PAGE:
I’ve been rather lazy of late and not done a lot of work on Project Duck. Part of this was simply being very busy, but that’s really a bit of a shit excuse when painting a duck only takes 40 minutes or so. The real reason, I suppose, is that it’s equally very difficult to work yourself up to paint (setting up the wet palette, etc.) when all you’re going to do is 40 minutes of painting. That, really, is the challenge when you’re doing very, very small things. For this reason, I am thoroughly looking forward to my next project.
Anyway, I’ve finally done a bit of work on the running ducks:
What you see here are two Indian runner ducks and the beginning of a vineyard. Runner ducks were bred for pest control, unlike most other domestic breeds, which were either bred for meat or for eggs. Traditionally, runner ducks lived around rice paddies and ate whatever bugs would prey on the rice. Rice paddies are actually pretty interesting because they don’t actually need all the water – it’s simply that the rice can survive being waterlogged, and doing so minimises the parasites and bugs, and once you introduce runner ducks, you get rid of the few pests that remain. It’s all very environmentally pleasant compared to a lot of other crops.
Anyway, runner ducks, it turns out, are so good at that job – and so fixated on eating bugs – that some vineyards actually use them for the same purpose. I recommend looking up videos of ducks in vineyards, because it’s quite entertaining watching them run about through the grapevines. So, to this end, I’ve opted for that setting and created what I hope looks enough like a vineyard. It’s not finished yet, obviously – I’ve simply made something and airbrushed the basic colours in. I’m not a particularly proficient airbrush painter, but I like that I can use it to quickly coat a complex shape like this and then get the colours and light in place. It shouldn’t take long to sort it all out.
In other painting news, it occurred to me that I haven’t posted any decent pics of the latest batch of ducks: the northern pintail, shelduck and paradise duck:
The paradise duck’s and shelduck’s scenes were chosen as a sort of ‘ducks having to deal with human waste’ sort of theme. When I first came to Britain, I was genuinely astonished with the amount of rubbish I saw. The first pile of cans I saw on the verge when I was on a bus stuck in traffic on the M25, I assumed must have been somewhere that teenagers went to get trashed. I wish I was right – instead, the rubbish just continued for mile after mile. It was enormously depressing.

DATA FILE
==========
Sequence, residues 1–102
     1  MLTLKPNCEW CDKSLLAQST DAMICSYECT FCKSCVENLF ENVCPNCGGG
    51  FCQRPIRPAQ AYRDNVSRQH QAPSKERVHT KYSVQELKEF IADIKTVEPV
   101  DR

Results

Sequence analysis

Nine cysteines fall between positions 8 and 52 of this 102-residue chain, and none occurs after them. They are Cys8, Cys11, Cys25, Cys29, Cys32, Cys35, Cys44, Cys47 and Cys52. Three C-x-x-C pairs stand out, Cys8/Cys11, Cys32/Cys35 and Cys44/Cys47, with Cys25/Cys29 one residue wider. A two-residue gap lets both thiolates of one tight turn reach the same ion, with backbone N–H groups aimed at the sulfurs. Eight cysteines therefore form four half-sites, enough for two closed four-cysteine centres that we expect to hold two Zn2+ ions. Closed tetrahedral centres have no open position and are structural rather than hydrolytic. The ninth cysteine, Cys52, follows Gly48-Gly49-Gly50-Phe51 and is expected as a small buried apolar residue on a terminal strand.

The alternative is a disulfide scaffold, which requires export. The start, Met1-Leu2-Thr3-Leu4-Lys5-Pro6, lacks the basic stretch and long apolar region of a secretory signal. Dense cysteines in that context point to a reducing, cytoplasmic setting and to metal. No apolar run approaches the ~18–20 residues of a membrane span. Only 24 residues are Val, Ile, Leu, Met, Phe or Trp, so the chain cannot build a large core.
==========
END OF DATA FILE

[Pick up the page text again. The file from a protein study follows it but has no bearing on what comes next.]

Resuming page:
This isn’t to say that New Zealand is actually much better – we just don’t have as many people. The last time I was there, I walked along a beautiful beach in Russell picking up rubbish as I went. There was nowhere on this beach further than 20 metres from a bin.
Anyway, for the Shelduck, I opted for a McDonald’s bag because that’s a particular plague where I live. The local McDonald’s opened a few years ago and, even though it’s on the edge of town, the increase in rubbish on the streets has been remarkable. The Irn Bru can is much more benign: I have a Geordie friend and I thought it would amuse him.
The paradise duck, meanwhile, is mounted on a beer crate. Beer crates are pretty common thing in Australia and New Zealand, and it took all my willpower (and sensibility) not to put “Speight’s” (Some People Enjoy It, God Hates The Stuff) on the side. Aside from that, paradise ducks are native to New Zealand, and the butterfly she’s attempting to eat is based on the forest ringlet, which is an endangered New Zealand butterfly. Mike the Kiwi, a painter friend from – of all places – New Zealand, has suggested adding a male paradise duck because, as he reminds me, they do mate for life. I’ll probably try to make a sleeping drake and put him inside the crate.